The National Archives, which houses the U.S. Constitution, has found signs of possible unauthorized computer activity.» Read More
CNBC.com spoke with experts in tech, human resources, and finance to determine which professions are best for workers over 40.
Ten years ago today, in response to the enormous tragedy of September 11, 2001, the United States invaded Afghanistan. So began the long road of endless war, endless suffering, endless spending, and endless death.
Insight on Cantor Ftizgerald's charity event for the 9/11 fund, with Shawn Matthews, Cantor Fitzgerald CEO, who also discusses the bank contagion from Europe, with CNBC's Bertha Coombs.
Suspected security threats rattled air travelers and temporarily shut down terminals at a number of U.S. airports Sunday, on the the 10th anniversary of the 9/11 terrorist attacks.
Like many other journalists, CNBC staff watched events unfold in real time while also reporting them live. Here are four snapshots from 9/11.
Mad Money host Jim Cramer remembers his experience in Manhattan during the attacks of September 11th.
CNBC's Mark Haines' reaction to the attacks on the World Trade Center on September 11th 2001.
A decade later, there are many stories of how businesses rebuilt after that fateful day. Insight on how Cantor Fitzgerald, which lost 658 employees, was able to rebuild, with Howard Lutnick, Cantor Fitzgerald chairman/CEO.
U.S. Homeland Security officials said a credible 9/11 terror threat is of some concern, saying it has more credibility than some chatter it's heard in recent days.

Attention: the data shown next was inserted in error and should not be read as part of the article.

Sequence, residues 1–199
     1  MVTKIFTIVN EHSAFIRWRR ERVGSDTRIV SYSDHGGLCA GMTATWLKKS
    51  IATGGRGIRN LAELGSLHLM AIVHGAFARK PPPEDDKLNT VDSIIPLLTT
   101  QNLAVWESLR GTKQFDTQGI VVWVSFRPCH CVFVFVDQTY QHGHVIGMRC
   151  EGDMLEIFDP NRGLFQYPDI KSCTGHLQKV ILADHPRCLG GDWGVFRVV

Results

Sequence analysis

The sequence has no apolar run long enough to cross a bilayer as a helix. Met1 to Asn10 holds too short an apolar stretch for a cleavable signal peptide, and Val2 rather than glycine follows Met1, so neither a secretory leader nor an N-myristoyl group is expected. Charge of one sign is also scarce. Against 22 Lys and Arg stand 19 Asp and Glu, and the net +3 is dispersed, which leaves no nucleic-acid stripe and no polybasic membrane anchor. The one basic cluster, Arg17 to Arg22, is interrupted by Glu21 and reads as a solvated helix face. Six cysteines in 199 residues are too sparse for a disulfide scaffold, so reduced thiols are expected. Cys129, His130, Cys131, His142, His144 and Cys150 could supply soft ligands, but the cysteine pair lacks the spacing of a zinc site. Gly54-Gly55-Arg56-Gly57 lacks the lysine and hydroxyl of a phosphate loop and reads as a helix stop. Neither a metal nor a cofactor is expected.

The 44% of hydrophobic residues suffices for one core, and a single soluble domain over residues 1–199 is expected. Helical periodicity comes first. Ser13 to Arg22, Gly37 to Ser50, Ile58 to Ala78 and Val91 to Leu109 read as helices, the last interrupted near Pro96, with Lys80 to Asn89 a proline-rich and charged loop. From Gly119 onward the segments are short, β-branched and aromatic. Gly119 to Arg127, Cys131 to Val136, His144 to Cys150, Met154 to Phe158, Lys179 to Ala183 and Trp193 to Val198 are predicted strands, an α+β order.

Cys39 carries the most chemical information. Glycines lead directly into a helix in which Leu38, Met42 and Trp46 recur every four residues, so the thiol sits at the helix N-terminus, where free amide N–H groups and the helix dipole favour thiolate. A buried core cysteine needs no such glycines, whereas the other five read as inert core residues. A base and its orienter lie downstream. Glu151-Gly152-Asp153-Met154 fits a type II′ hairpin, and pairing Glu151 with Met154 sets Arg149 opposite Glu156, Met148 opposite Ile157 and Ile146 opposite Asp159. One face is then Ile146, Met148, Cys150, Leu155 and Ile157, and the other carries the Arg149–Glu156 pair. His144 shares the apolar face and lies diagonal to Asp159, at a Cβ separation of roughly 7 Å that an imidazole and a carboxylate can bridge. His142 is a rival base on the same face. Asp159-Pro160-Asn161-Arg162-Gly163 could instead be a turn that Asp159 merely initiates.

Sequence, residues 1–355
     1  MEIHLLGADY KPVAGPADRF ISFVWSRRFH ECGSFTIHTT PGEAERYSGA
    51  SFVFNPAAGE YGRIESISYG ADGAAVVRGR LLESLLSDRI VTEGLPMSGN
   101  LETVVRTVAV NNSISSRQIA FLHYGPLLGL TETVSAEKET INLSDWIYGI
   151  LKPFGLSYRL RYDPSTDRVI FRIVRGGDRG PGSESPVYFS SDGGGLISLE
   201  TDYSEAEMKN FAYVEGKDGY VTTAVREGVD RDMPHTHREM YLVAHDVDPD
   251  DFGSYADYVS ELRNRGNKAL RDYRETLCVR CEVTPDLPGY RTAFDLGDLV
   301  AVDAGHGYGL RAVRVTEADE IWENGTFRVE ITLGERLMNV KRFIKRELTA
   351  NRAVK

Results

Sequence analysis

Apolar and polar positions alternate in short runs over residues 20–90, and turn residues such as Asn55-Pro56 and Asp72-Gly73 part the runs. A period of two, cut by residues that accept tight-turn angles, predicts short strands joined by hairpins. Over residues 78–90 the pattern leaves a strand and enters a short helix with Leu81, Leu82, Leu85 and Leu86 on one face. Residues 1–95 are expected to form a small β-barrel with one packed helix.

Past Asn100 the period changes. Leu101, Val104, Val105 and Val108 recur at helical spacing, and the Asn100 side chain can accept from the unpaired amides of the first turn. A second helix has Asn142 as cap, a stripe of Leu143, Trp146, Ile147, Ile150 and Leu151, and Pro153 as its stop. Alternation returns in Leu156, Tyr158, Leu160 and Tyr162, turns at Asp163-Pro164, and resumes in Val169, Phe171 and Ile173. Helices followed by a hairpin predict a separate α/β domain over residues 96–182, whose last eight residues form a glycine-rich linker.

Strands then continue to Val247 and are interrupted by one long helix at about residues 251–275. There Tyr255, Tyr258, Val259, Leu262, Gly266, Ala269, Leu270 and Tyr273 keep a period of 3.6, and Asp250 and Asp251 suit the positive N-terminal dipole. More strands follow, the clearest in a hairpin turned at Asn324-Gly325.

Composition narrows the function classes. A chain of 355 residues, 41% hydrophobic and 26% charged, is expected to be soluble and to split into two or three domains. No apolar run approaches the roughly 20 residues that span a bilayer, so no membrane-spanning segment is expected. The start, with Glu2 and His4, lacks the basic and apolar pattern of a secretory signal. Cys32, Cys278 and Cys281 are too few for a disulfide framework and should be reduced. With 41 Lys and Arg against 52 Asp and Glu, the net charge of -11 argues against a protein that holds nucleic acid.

Companies that have dominated the toy market have sometimes rolled out products that may have seemed like a joke to potential buyers. Here are a few examples.
For four years, a doctor commuted between his clinics in Texas in a $5 million turboprop with jazzy metallic stripes and ruby stones embedded on the drink cabinet inside. The plane featured exotic wood veneers and polished chrome, and his daughter’s initials were in the tail number. The New York Times reports.
Ten years after the attacks on September 11, we still don’t live in a world where we are free from terror threats. But we have made great progress on how to best communicate those threats in a way that makes us all a little bit safer.
"Post-9/11 surveillance measures have made it far too easy for the government to review our personal and business records, telephone and e-mail conversations, and virtually all aspects of our lives," the author and President of the ACLU explains in this guest blog why the Fourth Amendment is good for business and essential for democracy.
World Trade Center developer Larry Silverstein took over the lease at the WTC six weeks before the 9/11 attacks but he never gave up hope the city would rebuild, reports CNBC's Bob Pisani.
Enrique Salem, president and Chief Executive Officer of Symantec, says the top threat to the US isn't hurricanes but cyber security.
"I'm skeptical of anyone who can answer the question 'Are we safer?' with a simple yes or no," says Ward Thomas, a national security expert. "We are better in some ways, but not necessarily in others."
Ten years later, we’re arguably a sadder and more anxious nation, still struggling through a tough economy, yet we’re also more vigilant about security and ever-determined to remain resilient.
The U.S. government has warned domestic and international airlines that some terrorists are considering surgically implanting explosives into humans to carry out attacks, The Associated Press has learned.
Herve Ghesquiere and Stephane Taponier, the two French journalists that had been held hostage in Afghanistan for 547 days, landed on French soil on Thursday morning. Sources talk about the unusual path taken by the ransom.
The tail risk of a cyber disruption to markets cannot be ignored. Investors had better hope that the banks and exchanges are much better organised than Sony; and, perhaps, keep some hard cash in the mattress, Gillian Tett writes in the FT.